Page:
The North Korean internet failures have generated a massive amount of international press coverage. One would expect this to be the work of a sophisticated group of hackers, possibly even with the funding of the United States, or other governments wishing to stem the tide of North Korean hackers. Turns out, a 12 year old kid can likely do it. North Korea only has 1,024 IP addresses for the entire country, compared to the 1.5 Billion IP addresses in the United States.
There are potentially thousands of computers behind each IP address, but the odds of that are very unlikely. Sanctions and embargoes have severely limited access to computers. Researchers monitoring the North Korean internet have detected a few PlayStations and Xboxes on the network, and one solitary MacBook has been detected....in the entire country. The North Korean agency responsible for hacking is likely contained behind only a few IP addresses, so isolating and monitoring them shouldn't be too taxing for a heavyweight like the NSA. North Korean citizens have very limited access to the internet, which is reserved for government officials, foreign ambassadors, and relief agencies.
Madonna was forced to release six songs from her new album because 13 pre-released recordings - her entire album - were posted online. Madonna and her manager, Guy Oseary, have taken to Twitter in an effort to identify how the music, along with other data, managed to find their way to the Internet.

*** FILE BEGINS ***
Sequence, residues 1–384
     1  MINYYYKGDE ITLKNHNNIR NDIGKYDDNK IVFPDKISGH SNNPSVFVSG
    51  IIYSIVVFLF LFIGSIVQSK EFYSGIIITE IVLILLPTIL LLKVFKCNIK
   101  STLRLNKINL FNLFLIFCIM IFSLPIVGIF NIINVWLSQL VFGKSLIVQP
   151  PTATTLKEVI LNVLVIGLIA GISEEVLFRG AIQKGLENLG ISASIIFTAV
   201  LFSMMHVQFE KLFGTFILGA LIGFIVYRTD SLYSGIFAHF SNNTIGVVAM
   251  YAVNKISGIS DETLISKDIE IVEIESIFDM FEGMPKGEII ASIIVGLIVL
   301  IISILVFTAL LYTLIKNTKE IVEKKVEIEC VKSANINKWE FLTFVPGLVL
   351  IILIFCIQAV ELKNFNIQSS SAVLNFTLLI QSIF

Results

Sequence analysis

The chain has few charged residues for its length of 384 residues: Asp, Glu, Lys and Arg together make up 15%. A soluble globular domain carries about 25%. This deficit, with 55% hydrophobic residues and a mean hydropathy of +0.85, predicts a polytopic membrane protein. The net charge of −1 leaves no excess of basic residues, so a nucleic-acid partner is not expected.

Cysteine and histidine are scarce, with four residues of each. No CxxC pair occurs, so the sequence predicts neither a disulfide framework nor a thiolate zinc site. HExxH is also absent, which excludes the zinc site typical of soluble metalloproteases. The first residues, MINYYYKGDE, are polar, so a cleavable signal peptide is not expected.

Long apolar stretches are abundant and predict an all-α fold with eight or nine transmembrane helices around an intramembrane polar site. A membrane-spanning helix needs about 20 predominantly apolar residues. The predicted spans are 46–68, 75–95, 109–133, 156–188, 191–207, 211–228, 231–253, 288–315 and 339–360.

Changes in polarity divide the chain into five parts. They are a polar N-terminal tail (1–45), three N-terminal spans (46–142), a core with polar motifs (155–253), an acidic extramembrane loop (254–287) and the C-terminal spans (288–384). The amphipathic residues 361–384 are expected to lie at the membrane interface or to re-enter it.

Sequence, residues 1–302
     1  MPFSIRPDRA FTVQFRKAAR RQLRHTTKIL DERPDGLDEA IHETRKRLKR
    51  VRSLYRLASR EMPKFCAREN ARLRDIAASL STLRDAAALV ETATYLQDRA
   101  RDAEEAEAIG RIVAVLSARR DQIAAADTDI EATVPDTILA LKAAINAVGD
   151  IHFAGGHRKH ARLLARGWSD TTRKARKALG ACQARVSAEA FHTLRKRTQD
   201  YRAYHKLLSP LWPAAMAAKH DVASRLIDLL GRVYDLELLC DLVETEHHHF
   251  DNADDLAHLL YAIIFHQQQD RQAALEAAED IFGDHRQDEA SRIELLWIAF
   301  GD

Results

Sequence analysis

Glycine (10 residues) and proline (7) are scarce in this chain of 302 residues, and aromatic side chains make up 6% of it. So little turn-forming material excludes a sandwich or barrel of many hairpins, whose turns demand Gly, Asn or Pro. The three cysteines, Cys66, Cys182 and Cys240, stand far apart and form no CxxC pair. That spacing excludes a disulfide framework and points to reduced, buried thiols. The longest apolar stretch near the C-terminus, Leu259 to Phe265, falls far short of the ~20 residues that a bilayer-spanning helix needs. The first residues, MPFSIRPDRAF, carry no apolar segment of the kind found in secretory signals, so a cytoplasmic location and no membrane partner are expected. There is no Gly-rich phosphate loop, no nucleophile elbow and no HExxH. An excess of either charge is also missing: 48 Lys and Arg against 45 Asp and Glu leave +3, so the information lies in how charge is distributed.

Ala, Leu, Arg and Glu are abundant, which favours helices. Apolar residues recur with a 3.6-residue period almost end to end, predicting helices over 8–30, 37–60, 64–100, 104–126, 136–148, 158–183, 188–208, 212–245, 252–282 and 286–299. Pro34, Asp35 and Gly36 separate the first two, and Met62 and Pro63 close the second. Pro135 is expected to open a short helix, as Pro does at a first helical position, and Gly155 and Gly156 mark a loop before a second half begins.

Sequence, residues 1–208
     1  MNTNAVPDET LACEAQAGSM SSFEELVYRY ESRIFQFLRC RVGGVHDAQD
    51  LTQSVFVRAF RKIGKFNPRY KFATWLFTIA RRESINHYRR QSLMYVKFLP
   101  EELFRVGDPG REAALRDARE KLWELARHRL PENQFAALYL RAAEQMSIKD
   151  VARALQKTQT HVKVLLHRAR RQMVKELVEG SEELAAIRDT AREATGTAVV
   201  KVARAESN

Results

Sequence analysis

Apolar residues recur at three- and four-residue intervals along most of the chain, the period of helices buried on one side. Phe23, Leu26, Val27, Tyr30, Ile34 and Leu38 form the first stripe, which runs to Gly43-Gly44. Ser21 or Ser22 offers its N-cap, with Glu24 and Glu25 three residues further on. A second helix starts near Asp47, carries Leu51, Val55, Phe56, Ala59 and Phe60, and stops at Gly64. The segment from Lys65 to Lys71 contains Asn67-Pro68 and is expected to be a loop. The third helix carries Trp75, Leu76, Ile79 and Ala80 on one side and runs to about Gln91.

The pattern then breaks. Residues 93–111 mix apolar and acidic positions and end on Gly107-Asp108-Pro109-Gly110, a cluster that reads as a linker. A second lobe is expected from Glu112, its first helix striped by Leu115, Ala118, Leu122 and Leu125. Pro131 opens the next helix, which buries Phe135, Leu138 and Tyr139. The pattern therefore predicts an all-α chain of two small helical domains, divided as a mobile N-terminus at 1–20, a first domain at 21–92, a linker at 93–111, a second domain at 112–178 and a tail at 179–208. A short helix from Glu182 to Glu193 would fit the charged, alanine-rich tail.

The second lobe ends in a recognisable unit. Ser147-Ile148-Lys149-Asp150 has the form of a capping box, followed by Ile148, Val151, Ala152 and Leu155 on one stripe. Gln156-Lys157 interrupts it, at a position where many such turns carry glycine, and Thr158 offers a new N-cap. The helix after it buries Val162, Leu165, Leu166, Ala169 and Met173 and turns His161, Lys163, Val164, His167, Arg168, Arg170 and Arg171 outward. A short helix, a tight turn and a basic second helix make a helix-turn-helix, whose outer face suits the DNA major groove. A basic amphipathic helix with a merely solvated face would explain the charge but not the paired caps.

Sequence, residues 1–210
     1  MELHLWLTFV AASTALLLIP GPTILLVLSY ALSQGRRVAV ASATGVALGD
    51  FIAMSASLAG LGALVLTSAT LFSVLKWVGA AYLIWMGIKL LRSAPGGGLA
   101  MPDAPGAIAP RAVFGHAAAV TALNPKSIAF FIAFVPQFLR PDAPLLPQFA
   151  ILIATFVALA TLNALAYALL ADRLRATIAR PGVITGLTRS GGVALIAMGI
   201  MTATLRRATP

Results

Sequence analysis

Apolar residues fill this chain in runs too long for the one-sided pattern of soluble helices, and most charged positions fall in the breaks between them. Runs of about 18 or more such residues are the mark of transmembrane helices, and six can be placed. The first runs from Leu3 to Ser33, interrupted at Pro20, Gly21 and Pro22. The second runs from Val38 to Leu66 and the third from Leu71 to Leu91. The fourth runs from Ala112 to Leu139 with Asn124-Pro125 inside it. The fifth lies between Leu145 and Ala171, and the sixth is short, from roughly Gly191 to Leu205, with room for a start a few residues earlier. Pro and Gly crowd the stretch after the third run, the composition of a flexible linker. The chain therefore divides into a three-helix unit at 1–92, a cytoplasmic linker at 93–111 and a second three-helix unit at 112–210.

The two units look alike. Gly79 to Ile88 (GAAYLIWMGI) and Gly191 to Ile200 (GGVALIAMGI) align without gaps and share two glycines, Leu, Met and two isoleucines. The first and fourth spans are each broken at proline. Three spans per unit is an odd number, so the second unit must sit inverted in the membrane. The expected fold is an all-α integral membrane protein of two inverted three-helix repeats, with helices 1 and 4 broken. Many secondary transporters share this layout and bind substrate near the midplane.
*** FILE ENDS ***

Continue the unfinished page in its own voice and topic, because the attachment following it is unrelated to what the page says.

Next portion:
"We don't put things up on servers anymore," Madonna recently said in an interview with Billboard. "Everything we work on, if we work on computers, we're not on Wi-Fi, we're not on the Internet, we don't work in a way where anybody can access the information."
Despite increased security protocols Madonna tried to put in place, that doesn't mean her music was safe - it would appear it was an outside attack, as unpublished photos of Madonna were also made available at the same time "Rebel Heart," one of the songs from her album, were leaked online.
Netflix has come out talking about an offline feature for its media streaming service, saying that the offline feature was "never going to happen." It was being reported that the company would unveil the offline feature to certain tablets, but the company has come out slamming down the rumor.
During a recent interview with TechRadar, Cliff Edwards from Netflix talked about offline playback being a short term fix for something that was a much bigger problem thanks to the lack of widespread, and varying speeds of Internet.
Hackers of New York recently found a vulnerability in Delta's online portal, which allowed other passengers to view or alter other users boarding passes without knowledge or permission of the original owner.
Described as a direct object reference vulnerability, this issue saw Dani Grant from Hackers of New York contact Delta for an explanation. However they only received an apology for an "unfortunate online experience" with Delta choosing not to comment on any flaw that may have, or current does, exist.